Avatar is "the most evocative and amazing science-fiction movie since 'Star Wars.'
I saw Avatar on Saturday, and when it was over I thought I understood what it was like to watch the first moving picture a hundred twenty years ago, the first movie with dialogue, maybe even the first cave paintings in Europe. The movie's not the same level of revolutionary, obviously, but the feeling of watching something entirely new is similar. For the record, it wasn't the 3D by itself that made the movie epic; I saw Beowulf in 3D IMAX at the Metreon, and that was creepy more than anything. I also saw Spykids 3D, and that was surprisingly decent having had a few beers, but nothing mind-blowing. Avatar is completely different.
James Cameron's imagination is unparalleled, and the world he dreams up is amazing. The bioluminescent flying jellyfish? The massive hammerhead land animals? The detail that went into the Na'Vi language? Just ... wow. Take the innovation of Terminator 2, or the epic scale of Titanic, and apply that standard to the visual imagining of an ecosystem. THEN you layer the 3D, and the net result is transcendent. Imagine the 3-D as the maple syrup that douses your pancakes and sausage; it adds a layer of goodness to everything, yet it's not the meal by itself. And the pancakes are fluffier than the puffiest clouds you've ever seen from the window seat and the sausage is juicy like it grew from a tree and you picked it in August (here's a free link to a brief James Cameron interview, as reward for reading my awkward analogies).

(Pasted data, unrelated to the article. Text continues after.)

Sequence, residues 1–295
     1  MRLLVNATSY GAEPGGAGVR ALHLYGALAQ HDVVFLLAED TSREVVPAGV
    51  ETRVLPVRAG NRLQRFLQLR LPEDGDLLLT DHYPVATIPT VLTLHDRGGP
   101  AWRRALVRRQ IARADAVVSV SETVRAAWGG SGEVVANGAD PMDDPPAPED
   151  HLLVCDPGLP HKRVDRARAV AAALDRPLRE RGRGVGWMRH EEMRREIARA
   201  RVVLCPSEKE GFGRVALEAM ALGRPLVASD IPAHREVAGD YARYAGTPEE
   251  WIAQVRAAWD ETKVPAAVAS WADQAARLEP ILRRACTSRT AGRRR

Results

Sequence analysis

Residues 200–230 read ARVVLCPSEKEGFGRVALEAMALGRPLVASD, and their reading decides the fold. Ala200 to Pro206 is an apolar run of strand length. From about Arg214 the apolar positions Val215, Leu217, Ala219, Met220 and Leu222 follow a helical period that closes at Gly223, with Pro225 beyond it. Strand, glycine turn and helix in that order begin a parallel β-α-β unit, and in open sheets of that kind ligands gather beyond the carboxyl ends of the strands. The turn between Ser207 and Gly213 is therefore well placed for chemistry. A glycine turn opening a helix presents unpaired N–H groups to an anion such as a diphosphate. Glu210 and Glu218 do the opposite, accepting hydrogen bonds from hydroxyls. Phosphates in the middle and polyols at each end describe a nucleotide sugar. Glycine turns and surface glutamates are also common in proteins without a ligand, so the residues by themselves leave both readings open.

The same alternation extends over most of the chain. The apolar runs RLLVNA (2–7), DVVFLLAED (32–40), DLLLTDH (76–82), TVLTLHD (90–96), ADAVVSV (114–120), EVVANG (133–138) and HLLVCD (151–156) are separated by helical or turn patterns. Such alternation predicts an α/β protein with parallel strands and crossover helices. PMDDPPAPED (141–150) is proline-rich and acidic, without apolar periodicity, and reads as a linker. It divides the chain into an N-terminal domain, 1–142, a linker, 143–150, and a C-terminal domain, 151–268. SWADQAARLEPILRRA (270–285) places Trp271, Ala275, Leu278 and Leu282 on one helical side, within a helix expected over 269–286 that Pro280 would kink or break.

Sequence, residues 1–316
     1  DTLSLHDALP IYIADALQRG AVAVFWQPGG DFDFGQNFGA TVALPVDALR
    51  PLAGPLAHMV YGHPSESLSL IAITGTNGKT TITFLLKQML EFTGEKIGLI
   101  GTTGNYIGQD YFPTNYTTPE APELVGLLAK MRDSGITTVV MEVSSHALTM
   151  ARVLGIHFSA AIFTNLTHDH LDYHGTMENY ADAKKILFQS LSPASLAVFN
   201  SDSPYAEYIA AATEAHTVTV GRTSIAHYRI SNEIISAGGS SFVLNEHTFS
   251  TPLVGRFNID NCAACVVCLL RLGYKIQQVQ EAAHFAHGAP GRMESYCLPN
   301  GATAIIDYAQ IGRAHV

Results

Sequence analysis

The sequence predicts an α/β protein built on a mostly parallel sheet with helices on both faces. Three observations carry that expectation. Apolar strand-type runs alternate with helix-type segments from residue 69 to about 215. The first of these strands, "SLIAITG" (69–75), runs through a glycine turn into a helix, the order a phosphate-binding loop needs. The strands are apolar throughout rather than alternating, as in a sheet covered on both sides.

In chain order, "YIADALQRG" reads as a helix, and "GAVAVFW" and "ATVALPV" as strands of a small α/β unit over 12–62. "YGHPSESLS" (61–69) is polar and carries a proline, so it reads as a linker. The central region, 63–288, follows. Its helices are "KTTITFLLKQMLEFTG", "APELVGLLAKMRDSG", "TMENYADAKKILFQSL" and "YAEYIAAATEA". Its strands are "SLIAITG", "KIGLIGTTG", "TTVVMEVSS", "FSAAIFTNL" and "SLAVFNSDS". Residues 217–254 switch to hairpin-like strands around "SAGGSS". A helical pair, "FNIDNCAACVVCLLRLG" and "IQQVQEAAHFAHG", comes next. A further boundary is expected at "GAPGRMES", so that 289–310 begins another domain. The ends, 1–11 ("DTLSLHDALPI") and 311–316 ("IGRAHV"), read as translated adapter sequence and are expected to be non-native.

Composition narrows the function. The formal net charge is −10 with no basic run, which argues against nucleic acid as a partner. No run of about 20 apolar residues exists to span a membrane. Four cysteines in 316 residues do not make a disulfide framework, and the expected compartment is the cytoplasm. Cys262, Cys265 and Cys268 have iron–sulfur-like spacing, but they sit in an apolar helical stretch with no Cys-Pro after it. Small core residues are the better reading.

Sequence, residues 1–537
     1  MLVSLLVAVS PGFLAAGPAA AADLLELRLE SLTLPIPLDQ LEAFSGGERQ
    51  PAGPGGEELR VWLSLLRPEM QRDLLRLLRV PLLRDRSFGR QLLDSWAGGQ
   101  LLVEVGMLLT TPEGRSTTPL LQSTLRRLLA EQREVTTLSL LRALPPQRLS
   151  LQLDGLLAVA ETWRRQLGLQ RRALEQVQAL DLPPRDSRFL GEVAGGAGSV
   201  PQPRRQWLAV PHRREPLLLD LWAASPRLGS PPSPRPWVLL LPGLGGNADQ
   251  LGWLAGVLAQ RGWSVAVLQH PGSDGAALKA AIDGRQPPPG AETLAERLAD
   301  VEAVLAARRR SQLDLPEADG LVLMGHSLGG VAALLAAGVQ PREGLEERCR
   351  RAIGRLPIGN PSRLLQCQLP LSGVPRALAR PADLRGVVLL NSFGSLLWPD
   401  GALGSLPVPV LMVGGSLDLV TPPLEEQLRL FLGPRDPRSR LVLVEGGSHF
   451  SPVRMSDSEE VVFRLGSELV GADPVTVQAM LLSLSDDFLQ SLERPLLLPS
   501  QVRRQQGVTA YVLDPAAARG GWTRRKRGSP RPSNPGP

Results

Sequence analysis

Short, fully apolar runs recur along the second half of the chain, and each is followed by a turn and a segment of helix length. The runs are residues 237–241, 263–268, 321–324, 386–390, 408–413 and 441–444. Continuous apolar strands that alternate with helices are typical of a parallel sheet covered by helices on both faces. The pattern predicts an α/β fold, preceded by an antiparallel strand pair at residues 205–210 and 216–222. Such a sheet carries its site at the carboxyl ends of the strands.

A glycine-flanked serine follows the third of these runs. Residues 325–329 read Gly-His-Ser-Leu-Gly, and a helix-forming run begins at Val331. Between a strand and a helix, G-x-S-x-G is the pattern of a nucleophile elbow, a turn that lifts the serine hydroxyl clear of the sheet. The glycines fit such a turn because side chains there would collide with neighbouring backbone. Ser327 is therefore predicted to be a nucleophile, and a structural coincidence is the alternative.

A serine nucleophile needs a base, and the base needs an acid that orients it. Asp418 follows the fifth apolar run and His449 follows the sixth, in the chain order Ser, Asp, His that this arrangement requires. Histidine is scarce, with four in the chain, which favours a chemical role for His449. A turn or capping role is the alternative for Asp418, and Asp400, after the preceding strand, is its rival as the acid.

The plot on its own is decent, a mash-up of [edited since I can't turn the fonts white]. I won't review it here too much; the LA Times and NY Times do credible jobs. And it's not a perfect movie; the plot takes care of that. I didn't really care about these peccadilloes though; I was too busy enjoying myself, believing that I was also on Pandora and living in that world.
I'm so effusive about Avatar since I'm normally superlatively cynical with respect to watching movies. Avatar is more than an ordinary movie though, it's an immersive experience. Next weekend I'll try to watch it in IMAX 3D.
Did anyone else see it or like it this much?
Physics fun fact of the day: the 3D technology uses horizontal/vertical polarized light instead of the red/blue light filters of yesteryear. You can tell b/c if you look through the same lenses of two glasses, and then turn one of the lenses 90 degrees, all incoming light is blocked.